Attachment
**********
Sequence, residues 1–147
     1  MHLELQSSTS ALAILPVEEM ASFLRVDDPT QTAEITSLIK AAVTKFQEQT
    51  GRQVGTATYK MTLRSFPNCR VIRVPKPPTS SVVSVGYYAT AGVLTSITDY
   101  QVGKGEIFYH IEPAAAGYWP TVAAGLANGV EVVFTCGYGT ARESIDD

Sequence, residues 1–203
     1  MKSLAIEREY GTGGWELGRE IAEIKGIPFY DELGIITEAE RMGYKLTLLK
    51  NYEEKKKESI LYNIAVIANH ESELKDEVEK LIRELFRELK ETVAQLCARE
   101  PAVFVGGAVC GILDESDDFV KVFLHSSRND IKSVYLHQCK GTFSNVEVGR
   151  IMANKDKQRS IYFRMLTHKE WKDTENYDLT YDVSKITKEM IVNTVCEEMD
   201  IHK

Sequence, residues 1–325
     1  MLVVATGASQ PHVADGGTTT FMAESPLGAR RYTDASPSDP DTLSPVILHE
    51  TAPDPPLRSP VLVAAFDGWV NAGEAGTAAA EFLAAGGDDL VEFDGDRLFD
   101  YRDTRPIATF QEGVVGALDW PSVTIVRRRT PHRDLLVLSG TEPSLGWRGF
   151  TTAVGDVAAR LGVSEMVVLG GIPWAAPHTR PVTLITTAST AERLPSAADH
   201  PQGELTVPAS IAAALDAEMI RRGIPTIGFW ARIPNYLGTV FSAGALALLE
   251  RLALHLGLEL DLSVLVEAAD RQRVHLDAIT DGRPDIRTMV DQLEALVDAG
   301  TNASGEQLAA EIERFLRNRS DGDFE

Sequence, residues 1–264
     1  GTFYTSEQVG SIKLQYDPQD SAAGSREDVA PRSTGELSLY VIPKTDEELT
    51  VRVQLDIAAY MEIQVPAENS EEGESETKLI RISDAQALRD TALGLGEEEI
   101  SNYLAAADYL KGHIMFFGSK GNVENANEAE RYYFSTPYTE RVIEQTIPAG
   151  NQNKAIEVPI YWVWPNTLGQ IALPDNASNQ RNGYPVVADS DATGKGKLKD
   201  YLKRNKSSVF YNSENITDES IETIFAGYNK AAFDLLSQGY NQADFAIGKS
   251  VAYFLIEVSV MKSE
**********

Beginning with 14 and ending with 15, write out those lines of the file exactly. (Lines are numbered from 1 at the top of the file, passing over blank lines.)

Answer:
   101  YRDTRPIATF QEGVVGALDW PSVTIVRRRT PHRDLLVLSG TEPSLGWRGF
   151  TTAVGDVAAR LGVSEMVVLG GIPWAAPHTR PVTLITTAST AERLPSAADH